Studies in Comparative Religion
The First English Journal on Traditional Studies - established 1963
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F. Clive-Ross

F. Clive-Ross. Francis Clive-Ross (1921-1981) was the founder, editor-in-chief and publisher of Studies in Comparative Religion, the earliest and most influential English-language journal of traditional studies. Studies in Comparative Religion was founded in Britain in 1963 and published under the name Tomorrow until 1967, when it was changed to its present name. Four quarterly issues per year, containing over 1,200 articles in total, were published during the first 25 years of Studies in Comparative Religion’s existence, before its publication was interrupted in 1987.

Clive-Ross was also a Trustee of the World of Islam Festival held in London in 1976 and penned a number of editorials and articles.

During its first 25 years, the journal had its offices in a wing of the Clive-Ross home in Pates Manor, Bedfont, which dates its origins to the 15th century. Charles le Gai Eaton wrote about Clive-Ross’s dedication to Studies in Comparative Religion:

It was because he himself believed that such ideas are the most real things in the world that Clive-Ross found the strength to struggle against difficulties (not least those of funding) which might have seemed insuperable to a lesser man. It was his deep conviction that the beliefs, the spiritual “point of view”, expressed in the pages of Studies represented a truth for which the world is hungry that enabled him to fulfill his task up to the end of his life. In this he was single-minded and showed a toughness which contrasted with his amiable and easygoing nature.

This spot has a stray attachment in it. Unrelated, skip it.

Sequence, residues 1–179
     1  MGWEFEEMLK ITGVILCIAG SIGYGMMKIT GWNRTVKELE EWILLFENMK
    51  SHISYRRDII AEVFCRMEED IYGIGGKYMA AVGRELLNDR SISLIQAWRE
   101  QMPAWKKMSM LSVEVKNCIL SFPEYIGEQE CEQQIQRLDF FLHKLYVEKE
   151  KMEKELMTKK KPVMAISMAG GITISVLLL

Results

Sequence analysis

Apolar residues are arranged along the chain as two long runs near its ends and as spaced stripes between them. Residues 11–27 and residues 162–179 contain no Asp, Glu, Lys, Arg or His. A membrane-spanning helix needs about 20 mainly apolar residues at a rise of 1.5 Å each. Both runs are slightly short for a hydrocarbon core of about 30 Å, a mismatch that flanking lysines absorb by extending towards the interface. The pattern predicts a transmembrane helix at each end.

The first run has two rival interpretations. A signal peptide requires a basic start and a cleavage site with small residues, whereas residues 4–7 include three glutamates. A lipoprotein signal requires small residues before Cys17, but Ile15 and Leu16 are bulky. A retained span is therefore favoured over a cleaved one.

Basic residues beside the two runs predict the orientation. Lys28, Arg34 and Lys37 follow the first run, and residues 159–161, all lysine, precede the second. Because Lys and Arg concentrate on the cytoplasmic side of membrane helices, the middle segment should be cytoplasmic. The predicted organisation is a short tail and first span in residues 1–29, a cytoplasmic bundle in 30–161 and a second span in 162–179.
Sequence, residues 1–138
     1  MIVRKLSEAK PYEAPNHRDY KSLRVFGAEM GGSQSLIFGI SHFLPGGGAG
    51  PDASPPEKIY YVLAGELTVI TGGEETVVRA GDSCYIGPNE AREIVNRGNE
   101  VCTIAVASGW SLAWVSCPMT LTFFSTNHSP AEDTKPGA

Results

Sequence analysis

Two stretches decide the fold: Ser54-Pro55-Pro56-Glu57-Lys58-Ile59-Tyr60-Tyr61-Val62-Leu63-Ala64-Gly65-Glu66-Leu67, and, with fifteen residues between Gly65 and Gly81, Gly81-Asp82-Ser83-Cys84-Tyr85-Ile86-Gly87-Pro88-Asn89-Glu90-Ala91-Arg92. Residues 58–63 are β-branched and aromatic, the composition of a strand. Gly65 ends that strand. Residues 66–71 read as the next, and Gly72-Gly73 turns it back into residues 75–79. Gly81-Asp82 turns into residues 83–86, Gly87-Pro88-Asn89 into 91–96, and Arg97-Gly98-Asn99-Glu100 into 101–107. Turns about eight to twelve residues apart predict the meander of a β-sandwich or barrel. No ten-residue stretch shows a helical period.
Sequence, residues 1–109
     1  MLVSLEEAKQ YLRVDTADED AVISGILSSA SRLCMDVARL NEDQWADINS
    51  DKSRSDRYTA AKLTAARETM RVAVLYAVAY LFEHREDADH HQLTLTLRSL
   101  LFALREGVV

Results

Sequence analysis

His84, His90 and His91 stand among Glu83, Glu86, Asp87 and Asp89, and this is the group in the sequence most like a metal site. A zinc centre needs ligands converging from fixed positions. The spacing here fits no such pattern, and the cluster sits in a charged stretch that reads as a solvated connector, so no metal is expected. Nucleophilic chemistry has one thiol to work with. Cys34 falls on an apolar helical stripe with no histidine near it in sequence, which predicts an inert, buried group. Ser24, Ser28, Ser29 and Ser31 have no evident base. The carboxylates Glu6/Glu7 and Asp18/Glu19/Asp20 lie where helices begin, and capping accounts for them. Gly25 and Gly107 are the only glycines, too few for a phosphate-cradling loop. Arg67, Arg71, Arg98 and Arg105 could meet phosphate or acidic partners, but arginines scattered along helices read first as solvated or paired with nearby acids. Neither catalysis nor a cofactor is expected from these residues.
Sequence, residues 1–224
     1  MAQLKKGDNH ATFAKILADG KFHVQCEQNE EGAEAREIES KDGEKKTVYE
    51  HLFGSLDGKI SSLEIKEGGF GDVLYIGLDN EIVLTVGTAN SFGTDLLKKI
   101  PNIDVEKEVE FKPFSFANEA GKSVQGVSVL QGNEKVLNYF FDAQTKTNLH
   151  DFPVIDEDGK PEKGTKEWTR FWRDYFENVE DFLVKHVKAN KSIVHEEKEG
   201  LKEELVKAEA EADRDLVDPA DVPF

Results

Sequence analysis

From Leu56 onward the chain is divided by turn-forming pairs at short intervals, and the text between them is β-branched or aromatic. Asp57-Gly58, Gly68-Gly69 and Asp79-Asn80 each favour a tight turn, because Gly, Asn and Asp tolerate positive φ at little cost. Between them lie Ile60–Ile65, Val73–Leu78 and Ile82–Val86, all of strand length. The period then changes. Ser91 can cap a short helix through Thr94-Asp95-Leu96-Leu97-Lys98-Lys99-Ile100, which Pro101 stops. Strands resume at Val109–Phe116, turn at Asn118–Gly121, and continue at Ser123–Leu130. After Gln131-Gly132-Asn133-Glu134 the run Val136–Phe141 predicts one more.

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Now that the first year is completed for Studies in Comparative Religion, the editor F Clive Ross feels that it is important to acknowledge that the choice of a new title, that better reflects the actual emphasis in topics and articles, was a wise one. According to Mr Ross, the journal has already received wider circulation and they are anticipating a rise in articles about interesting and diverse topics, written by well known thinkers in this field. The editor prepares readers for an expanded edition of 64 pages in the winter season, but which unfortunately includes a higher cost as well. The editor encourages readers to continue their support and to spread the word to their friends regarding this journal.
Editorial - Autumn 1967Clive-Ross, F. Vol. 1, No. 4. ( Autumn, 1967) General Information
Following the change of the journal's title from Tomorrow to Studies in Comparative Religion, editor F. Clive-Ross thinks it advisable to re-state the mission of the journal: Studies is devoted to the exposition of the teachings, spiritual methods, symbolism, and other facets of the religious traditions of the world, together with the traditional arts and sciences which have sprung from those religions. It is not sectarian and, inasmuch as it is not tied to the interests of any particular religious group, it is free to lay stress on the common spirit underlying the various religious forms..
Editorial - Winter 1967Clive-Ross, F. Vol. 1, No. 1. ( Winter, 1967) General Information
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